Journal of Pain Research
Open access peer-reviewed scientific and medical journals.
Dove Medical Press is now a member of the Open Access Initiative
An Author's Guide
A guide to help authors get their paper published.
Support Open Access and Dove Press
Promotional Article Monitoring - further details
Favored Author Program
Real benefits for authors, including fast-track processing of papers.
Pillow use: the behavior of cervical stiffness, headache and scapular/arm pain
(7209) Total Article Views
Authors: Susan J Gordon, Karen A Grimmer-Somers, Patricia H Trott
Published Date August 2010
Volume 2010:3 Pages 137 - 145
Susan J Gordon1,2, Karen A Grimmer-Somers3, Patricia H Trott4
1Associate Professor, School of Public Health, Tropical Medicine and Rehabilitation Sciences, James Cook University, Townsville, Australia; 2Member, International Centre for Allied Health Evidence, University of South Australia, Australia; 3Professor of Allied Health, School of Health Sciences, University of South Australia, Director, International Centre for Allied Health Evidence, University of South Australia, Australia; 4Associate Professor, School of Health Sciences, University of South Australia
Background: Pillows are intended to support the head and neck in a neutral position to minimize biomechanical stresses on cervical structures whilst sleeping. Biomechanical stresses are associated with waking cervical symptoms. This paper adds to the scant body of research investigating whether different pillow types produce different types and frequencies of waking symptoms in asymptomatic subjects.
Methods: A random-allocation block-design blinded field trial was conducted in a large South Australian regional town. Subjects were side-sleepers using one pillow only, and not receiving treatment for cervicothoracic problems. Waking cervical stiffness, headache and scapular/arm pain were recorded daily. Five experimental pillows (polyester, foam regular, foam contour, feather, and latex) were each trialed for a week. Subjects’ ‘own’ pillow was the control (a baseline week, and a washout week between each experimental pillow trial week). Subjects reported waking symptoms related to known factors (other than the pillow), and subjects could ‘drop out’ of any trial pillow week.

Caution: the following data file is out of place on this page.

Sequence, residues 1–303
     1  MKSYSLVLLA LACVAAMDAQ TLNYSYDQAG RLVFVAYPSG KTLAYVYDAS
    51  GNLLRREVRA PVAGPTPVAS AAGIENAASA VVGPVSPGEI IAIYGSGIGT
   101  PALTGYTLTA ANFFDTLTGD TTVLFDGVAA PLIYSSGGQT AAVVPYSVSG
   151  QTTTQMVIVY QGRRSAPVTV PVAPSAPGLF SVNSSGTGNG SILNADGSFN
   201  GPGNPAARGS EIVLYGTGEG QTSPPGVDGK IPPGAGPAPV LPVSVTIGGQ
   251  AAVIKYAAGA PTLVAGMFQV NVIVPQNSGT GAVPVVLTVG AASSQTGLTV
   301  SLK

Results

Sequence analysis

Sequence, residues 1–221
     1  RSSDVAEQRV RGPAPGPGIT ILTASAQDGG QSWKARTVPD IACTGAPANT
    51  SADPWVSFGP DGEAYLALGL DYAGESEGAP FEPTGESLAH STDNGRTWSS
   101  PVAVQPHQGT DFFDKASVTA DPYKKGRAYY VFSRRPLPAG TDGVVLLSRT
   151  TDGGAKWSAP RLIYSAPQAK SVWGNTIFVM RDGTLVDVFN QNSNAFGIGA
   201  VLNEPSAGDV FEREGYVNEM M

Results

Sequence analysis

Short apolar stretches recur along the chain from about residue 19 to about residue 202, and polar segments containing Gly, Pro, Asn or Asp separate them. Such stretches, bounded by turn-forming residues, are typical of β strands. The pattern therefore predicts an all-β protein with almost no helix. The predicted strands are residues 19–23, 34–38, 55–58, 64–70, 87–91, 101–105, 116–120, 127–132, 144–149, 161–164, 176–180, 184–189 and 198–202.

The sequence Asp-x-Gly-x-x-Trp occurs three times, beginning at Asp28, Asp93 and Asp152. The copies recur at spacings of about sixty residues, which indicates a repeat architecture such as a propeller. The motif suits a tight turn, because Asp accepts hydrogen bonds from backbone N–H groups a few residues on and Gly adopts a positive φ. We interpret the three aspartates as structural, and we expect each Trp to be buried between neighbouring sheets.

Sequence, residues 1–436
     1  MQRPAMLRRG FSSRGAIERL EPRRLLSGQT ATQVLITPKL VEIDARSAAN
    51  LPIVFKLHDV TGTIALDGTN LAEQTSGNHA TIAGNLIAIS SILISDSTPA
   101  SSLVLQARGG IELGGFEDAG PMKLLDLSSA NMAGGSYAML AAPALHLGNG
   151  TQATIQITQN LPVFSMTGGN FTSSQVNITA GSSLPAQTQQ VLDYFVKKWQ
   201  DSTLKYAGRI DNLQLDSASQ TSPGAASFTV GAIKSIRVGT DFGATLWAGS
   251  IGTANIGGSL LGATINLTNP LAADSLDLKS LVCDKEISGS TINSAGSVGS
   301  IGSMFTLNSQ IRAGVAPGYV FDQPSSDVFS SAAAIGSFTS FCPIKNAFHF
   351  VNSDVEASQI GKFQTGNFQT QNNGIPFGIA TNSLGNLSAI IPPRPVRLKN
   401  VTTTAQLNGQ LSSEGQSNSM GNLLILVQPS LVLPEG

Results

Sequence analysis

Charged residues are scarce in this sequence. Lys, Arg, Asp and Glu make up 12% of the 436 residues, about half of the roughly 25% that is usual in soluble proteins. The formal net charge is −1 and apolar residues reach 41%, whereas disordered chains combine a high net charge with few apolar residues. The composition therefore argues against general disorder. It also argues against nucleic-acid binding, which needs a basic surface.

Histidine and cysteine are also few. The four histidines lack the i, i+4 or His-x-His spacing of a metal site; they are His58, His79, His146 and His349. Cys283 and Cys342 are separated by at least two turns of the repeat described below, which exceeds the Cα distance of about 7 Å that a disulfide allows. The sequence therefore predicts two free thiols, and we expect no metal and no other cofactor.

Results: Disturbed sleep unrelated to the pillow was common. Waking symptoms occurring at least once in the baseline week were reported by approximately 20% of the subjects on their ‘own’ pillow. The feather trial pillow performed least well, producing the highest frequency of waking symptoms, while the latex pillow performed best. The greatest number of ‘drop outs’ occurred on the feather pillow. The foam contour pillow performed no better than the foam regular pillow.
Conclusion: ‘Own’ pillows did not guarantee symptom-free waking, and thus were a questionable control. The trial pillows had different waking symptom profiles. Latex pillows can be recommended over any other type for control of waking headache and scapular/arm pain.
Keywords: pillow type, cervical stiffness, arm pain, headache
Cannotea Citeulike Del.icio.us Facebook LinkedIn Twitter
Other articles by Professor Karen Grimmer-Somers
Readers of this article also read:
"I was impressed at the rapidity of publication from submission to final acceptance." Dr Edwin Thrower, PhD, Yale University.
- An eight-week yoga intervention is associated with improvements in pain, psychological functioning and mindfulness, and changes in cortisol levels in women with fibromyalgia
- Problems and barriers of pain management in the emergency department: Are we ever going to get better?
- A new transmucosal drug delivery system for patients with breakthrough cancer pain: the fentanyl effervescent buccal tablet
- Anesthesiologists’ perception of patients’ anxiety under regional anesthesia